“The characters make the creators, and the creators make the characters,” continued Brevoort, clarifying that there’s an ebb and flow, where if, say, Jim Lee is on "X-Men," he’ll get more attention - and vice versa - rather than Jim Lee on "Punisher."

Editors also must develop a, “signature style, so act like your name is on every project,” said Brevoort. Similarly, since books now cost four dollars, you need to be able to look at a book and say, “I put four dollars of effort into that. Editors who s**t out books will be s**t out themselves.”

However, you don’t have to like everything Marvel publishes, but you should be able to appreciate what’s being done. “Figure out what it is about that property or premise, what appeals to people, and then do that well. If you follow that thread, it will probably start to appeal to you, because you worked on it, and we’re all geniuses,” said Brevoort to laughter.

More specifically though, “What is the point of this project?” Meaning, what makes it unique. “Sometimes the reason is purely fiscal. 'Spider-Man' books sell, here’s another 'Spider-Man' book,” said Brevoort. That said, it still needs to have a hook, either a different take, or even specific creators.

Still, said Brevoort, “You can do everything right, and still not have a successful book, because this is art, not science.” That doesn’t mean Brevoort doesn’t have a simple equation for a successful book: “A project is characters plus creators plus concept. You can get by with one or two, but you want all three if possible.”

Brevoort noted that when pitching a project, you have to make sure you actually like what you’re doing, and hit all three points, because, “as night to day, the thing you like the least, we will choose and then you will have to execute it. Editors can NOT make a project good, they can only make a project better.” Part of that, sometimes, is doing absolutely nothing. If a story is good, and reads well... Stand back, and keep your fingerprints off of it.

“If you are doing the easiest thing all the time, you are not doing the job right,” continued Brevoort. As an Editor, sometimes you need to fire people, or tell them not to do something... And regardless, it’s a tough job, and you need to push yourself to do it correctly. “It is never fun to call someone up and say, you’re done. Do not fire someone by e-mail, or like one a**hole in the nineties, by fax. Shoot ‘em in the face, don’t be wishy washy or pass the buck. It sucks, it’s not fun, but you have to do the hard stuff to do the good stuff.”

Brevoort then introduced the next section, which is, “'What is a Marvel story?' At heart, more often than not, the story is about the person in the costume, than it is about the costumes and the powers. The stories are ultimately about individual people.” He continued that every story they do is, “ultimately about metaphor,” using the example of "X-Men," which is always - in some way - about tolerance. If you understand your metaphor, you understand how to make it relatable to readers. Even with "Thor," Brevoort said, you can make the story about a man’s relationship to his Father or Brother. “The trick of stories is to reveal an emotional truth. You want to effect the reader, make them feel...something.”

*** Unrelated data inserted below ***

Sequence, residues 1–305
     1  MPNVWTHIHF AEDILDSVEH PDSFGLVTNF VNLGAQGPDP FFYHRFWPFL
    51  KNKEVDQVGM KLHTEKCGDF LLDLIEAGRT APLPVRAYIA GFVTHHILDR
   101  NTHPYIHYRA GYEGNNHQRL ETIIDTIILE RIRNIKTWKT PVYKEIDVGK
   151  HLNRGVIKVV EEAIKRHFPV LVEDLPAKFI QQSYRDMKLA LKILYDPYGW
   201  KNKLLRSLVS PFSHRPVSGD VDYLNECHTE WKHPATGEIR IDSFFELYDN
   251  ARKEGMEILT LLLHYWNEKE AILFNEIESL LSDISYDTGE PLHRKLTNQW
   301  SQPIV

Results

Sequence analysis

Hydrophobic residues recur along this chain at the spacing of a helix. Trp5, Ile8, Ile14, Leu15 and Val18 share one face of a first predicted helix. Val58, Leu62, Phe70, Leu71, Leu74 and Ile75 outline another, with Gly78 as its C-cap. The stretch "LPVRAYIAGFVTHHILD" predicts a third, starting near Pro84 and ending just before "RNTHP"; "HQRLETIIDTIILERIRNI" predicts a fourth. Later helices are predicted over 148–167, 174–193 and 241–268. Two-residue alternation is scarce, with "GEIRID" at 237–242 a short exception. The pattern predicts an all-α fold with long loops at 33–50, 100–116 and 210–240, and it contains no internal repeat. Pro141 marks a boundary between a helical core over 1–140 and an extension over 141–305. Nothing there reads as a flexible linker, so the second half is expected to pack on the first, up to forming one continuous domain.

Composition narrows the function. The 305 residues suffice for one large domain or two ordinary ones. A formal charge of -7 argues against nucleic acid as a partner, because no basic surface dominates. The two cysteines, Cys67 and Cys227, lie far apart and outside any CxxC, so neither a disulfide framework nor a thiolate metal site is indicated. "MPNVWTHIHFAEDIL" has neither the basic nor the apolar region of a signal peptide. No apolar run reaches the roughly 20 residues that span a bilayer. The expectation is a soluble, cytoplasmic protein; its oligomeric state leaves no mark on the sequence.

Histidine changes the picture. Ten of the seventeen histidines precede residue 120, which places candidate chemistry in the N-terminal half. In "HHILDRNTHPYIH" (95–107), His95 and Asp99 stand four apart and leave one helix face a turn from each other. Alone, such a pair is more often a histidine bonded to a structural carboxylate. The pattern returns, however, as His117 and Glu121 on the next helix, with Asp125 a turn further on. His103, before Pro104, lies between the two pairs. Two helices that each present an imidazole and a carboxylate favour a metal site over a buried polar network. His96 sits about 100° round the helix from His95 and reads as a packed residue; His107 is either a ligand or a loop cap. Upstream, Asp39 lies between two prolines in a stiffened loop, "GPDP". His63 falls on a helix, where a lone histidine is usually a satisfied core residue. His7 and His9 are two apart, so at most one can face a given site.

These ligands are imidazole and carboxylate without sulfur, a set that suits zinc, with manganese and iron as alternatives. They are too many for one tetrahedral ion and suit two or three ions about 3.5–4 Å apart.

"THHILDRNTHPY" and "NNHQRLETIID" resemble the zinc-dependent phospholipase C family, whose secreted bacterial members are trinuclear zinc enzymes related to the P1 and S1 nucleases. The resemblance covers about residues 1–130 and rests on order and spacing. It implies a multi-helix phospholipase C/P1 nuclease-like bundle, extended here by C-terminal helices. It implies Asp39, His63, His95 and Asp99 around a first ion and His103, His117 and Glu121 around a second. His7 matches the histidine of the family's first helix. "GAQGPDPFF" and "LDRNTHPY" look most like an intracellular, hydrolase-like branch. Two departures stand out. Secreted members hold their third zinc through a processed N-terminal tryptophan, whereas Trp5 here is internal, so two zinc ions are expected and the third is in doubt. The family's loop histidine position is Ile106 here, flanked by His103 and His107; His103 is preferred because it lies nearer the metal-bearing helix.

He added that if you can make a reader feel something, those are the stories people will remember for years. On Brian Michael Bendis’ writing, Brevoort said, “Brian is not the strongest plotter in the world. But what he’s better than anyone else is hitting those emotional beats, and making you feel what his characters feel.” He joked that he could force Bendis to focus on plot, and knock sales down to twenty thousand copies with no problem, but that those emotional truths he put into the books are what make his books work.

The next step is to ask, “Why is this is a story that can only be told with these characters? If this is a story that can be taken out and do a global find and replace for Spider-Man, this is not really a story about Spider-Man.”

On the other hand, you don’t want to just make “stories about stories,” meaning books that just reference other comics, or exist only to fix a continuity mistake from five years prior. “Our projective audience is every human being on planet Earth, so any story we want to tell wants to have the emotional resonance for the widest audience possible,” said Brevoort. If you DO want to explain a continuity bit, you need to first find the emotional reason, not just the plot reason. “We make mistakes in every book we release,” said Brevoort, noting that finding an error isn’t enough of an engine to power an entire comic. He also added that with seventy years of stories, it’s impossible to line everything up.

As an example, he said there was a story where Donald Blake built an android early on, and it’s never been referenced since. So if a writer wanted to do a story that contradicted that, if it worked for the story THEY were telling, it would not matter to him. “You don’t get points for coloring in the lines,” said Brevoort.

Then it was on to individual stories or scripts, Brevoort said that you need to make sure scenes work in the context of the book, not just as funny scenes that show off how witty a writer is. Similarly, you need to be clear on everything, including characters and scenes, noting that the recap page can be a crutch: he prefers the clarifications come in the book. Characters names and powers need to be said at some point, or it’s bad news. He noted that on TV, viewers will come in at any point to find that people will recap the plot, or the character's names after pretty much every commercial break.